The Song Remains the Same: Salesianum Marching Band Is Getting the Led Out


Official 2019 Band Photoshoot by Pam Nagle

Don’t let their dapper uniforms fool you; behind their time-honored attire lie the music makers who are ready to rock ‘n roll!

As a school community, the Salesianum, Ursuline, and Padua family enjoys the adrenaline rush of watching its Salesian brothers dominate the football field. But is enough credit given to the people who amp up the event? Although on the sidelines, the marching band is constantly creating the mood at all times. They energize the crowd and keep it going, regardless of how the team does on the field. They always have a show destined to entertain.

This year, the marching band has really put on a show for the entire school. To put things into perspective, the marching band chose the momentous task of playing Led Zeppelin this season, one of the greatest bands in rock history. Having talked to the band director, Mr. Brian Cox, as well as the band’s guitarist, junior Matthew Hasenhauer, it is clear that they acknowledged the challenge, but are willing to accept it.

The season was meant to commemorate the 50th anniversary of their debut album, ​Led Zeppelin I,​ released​ ​in 1969. “We wanted to kind of put that in perspective,” said Mr. Cox. Indeed, time flies by fast, especially when such a masterpiece never ages. As he put it, “Music like Led Zeppelin is timeless.”

Time aside, the set list consists of five undeniable classics: “Rock and Roll,” “Black Dog,” “Whole Lotta Love,” “Immigrant Song,” and “Moby Dick.” These are all popular songs that fall within the early era of Led Zeppelin’s career. This is no coincidence, since the band seeks to highlight the blues-based “early album” songs. Even without “Stairway to Heaven” or “Kashmir,” the Salesianum marching band has proven itself able to put on a show that sounds like Led Zeppelin itself. This is especially true since Hasenhauer plays authentic Zeppelin guitar solos, with the percussion section sounding just as thunderous as Zeppelin drummer John Bonham.

What exactly goes into such a grandiose display? Almost immediately, Hasenhauer returned with a retort. For starters, they meet Tuesday, Thursday, and Friday from 3:30 to 5:30 during school weeks. According to Hasenhauer, each day has a different exercise in store for its members. “Thursday’s meant for practicing music we play in the stands, and Friday’s meant for field show music, which is when we go to the field.” On top of that, they train in the summer for ten days. There, the students go through ‘basic training’ that is “very similar to sports teams.” That’s not to mention the fact that they have to lug all of their equipment onto to the field and be ready to go. For their part, the parents are just as immersed in the routine as the students themselves. “The parents of a lot of the students help us pack all of our stuff and get it to the field.” They also feed the students and handle transportation duties. Clearly, it’s more exhausting than the outside eye may perceive.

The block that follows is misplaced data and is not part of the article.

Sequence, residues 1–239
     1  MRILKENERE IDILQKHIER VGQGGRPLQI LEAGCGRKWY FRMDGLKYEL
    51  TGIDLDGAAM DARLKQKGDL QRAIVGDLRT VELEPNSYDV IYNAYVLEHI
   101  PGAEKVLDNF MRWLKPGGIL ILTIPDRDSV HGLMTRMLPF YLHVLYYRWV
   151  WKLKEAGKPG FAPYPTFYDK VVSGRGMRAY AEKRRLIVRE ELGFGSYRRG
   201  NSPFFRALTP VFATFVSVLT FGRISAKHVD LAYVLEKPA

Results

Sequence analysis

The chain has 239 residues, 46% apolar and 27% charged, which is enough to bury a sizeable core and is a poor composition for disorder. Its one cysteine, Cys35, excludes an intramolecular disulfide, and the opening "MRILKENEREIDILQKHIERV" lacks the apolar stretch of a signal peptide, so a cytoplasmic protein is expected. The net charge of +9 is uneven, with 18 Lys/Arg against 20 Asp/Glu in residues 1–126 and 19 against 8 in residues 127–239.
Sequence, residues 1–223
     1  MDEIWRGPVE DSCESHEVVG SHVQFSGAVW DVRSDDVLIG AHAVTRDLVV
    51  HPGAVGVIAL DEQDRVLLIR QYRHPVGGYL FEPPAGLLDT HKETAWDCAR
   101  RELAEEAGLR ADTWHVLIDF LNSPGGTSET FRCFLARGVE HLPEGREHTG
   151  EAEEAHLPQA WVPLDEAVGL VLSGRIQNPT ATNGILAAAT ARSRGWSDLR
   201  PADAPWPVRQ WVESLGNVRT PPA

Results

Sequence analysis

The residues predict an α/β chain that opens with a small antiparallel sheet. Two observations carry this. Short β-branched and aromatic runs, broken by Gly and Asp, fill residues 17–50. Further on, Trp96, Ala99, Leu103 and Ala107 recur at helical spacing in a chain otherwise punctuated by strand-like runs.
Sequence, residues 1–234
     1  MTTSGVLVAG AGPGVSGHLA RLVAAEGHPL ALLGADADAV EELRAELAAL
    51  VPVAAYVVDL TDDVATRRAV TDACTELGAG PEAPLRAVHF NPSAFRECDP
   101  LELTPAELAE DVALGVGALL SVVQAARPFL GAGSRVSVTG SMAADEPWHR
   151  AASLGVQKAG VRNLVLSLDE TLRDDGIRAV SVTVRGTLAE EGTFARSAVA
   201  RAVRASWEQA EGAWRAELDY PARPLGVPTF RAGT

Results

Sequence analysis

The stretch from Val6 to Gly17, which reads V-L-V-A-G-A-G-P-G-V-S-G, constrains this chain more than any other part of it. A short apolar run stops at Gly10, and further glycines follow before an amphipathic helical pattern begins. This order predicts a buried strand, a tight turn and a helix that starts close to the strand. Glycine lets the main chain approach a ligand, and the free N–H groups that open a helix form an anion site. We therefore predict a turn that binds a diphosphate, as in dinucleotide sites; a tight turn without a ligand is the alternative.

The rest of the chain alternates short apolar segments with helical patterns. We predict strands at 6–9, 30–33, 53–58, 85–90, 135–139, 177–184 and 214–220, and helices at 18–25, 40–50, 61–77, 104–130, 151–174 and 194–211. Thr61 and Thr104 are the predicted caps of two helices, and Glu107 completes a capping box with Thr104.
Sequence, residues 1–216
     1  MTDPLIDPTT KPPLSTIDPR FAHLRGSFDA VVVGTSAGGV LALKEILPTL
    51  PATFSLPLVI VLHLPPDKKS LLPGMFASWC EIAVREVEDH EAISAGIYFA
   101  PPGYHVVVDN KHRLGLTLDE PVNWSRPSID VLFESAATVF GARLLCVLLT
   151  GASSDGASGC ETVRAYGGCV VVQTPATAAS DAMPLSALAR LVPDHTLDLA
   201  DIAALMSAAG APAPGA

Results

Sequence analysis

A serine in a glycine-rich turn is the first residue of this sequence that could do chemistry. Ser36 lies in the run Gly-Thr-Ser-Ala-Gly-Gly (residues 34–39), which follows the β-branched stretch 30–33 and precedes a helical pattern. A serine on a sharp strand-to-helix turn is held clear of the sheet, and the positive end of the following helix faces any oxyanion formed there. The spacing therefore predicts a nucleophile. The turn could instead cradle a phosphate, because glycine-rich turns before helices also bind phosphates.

All the commitment is evidently worth it. Each of the band members derives a sense of enjoyment and purpose from their hard work. “We’re having so much fun at the games that I only realize how tired I am when I get in the car to go home,” said Hasenhauer. None of the members “get tired of going to practices, games, or competitions.” It’s more than playing the same music repeatedly; it’s about “doing it with friends.”

The sense of community isn’t the only benefit to the training. Through their practices, they become more proficient at playing the music and marching at the same time. As a result, they’re better showmen. “We wind up doing things that very few other marching bands do,” Mr. Cox explained. No other marching bands that anyone can think of have put as much time into showcasing Led Zeppelin. No other bands have left a lasting impression like Salesianum. They’re all about crowd pleasing. “You know, if they like something, we’ll play it up. If they don’t like something, or if they’re just kind of lukewarm, we might totally change a section or drop a section. It’s because we don’t care about competitions; we’re all about entertaining the audience.” As long as the band can do that, which they clearly can, there’s almost nothing left to be desired.

Despite such an immersive season, the only regret is Mr. Cox’s previous distaste for Led Zeppelin. “I was really turned off by them… because I always associated them with, like, the drug culture, and you know, stuff like that,” he said. This changed when his friend played him one of their songs in college. Needless to say, he was impressed. Having discovered that he “unfairly” judged them, he then replied, “The music is what’s important.” Not only has he come to enjoy their music, he has taken up the mission of paying homage to them. “The fact that 50 years later, everybody still knows those songs, everybody still likes those songs and appreciates them, is just a tribute to the lasting quality of the music,” he concluded.